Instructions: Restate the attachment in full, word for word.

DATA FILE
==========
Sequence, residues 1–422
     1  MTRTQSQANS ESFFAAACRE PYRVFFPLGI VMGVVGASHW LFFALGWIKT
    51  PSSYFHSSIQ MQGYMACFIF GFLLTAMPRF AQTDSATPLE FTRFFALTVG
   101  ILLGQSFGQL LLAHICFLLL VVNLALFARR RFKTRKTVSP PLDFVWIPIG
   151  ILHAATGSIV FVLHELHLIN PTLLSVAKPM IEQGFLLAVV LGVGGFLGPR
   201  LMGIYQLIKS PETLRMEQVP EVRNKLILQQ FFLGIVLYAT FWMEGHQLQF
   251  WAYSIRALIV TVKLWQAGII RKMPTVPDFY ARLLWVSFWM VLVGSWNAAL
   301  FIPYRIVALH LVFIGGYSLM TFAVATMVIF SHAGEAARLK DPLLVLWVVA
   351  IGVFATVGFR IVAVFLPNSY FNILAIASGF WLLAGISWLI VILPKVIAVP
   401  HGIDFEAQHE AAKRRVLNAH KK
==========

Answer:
Sequence, residues 1–422
     1  MTRTQSQANS ESFFAAACRE PYRVFFPLGI VMGVVGASHW LFFALGWIKT
    51  PSSYFHSSIQ MQGYMACFIF GFLLTAMPRF AQTDSATPLE FTRFFALTVG
   101  ILLGQSFGQL LLAHICFLLL VVNLALFARR RFKTRKTVSP PLDFVWIPIG
   151  ILHAATGSIV FVLHELHLIN PTLLSVAKPM IEQGFLLAVV LGVGGFLGPR
   201  LMGIYQLIKS PETLRMEQVP EVRNKLILQQ FFLGIVLYAT FWMEGHQLQF
   251  WAYSIRALIV TVKLWQAGII RKMPTVPDFY ARLLWVSFWM VLVGSWNAAL
   301  FIPYRIVALH LVFIGGYSLM TFAVATMVIF SHAGEAARLK DPLLVLWVVA
   351  IGVFATVGFR IVAVFLPNSY FNILAIASGF WLLAGISWLI VILPKVIAVP
   401  HGIDFEAQHE AAKRRVLNAH KK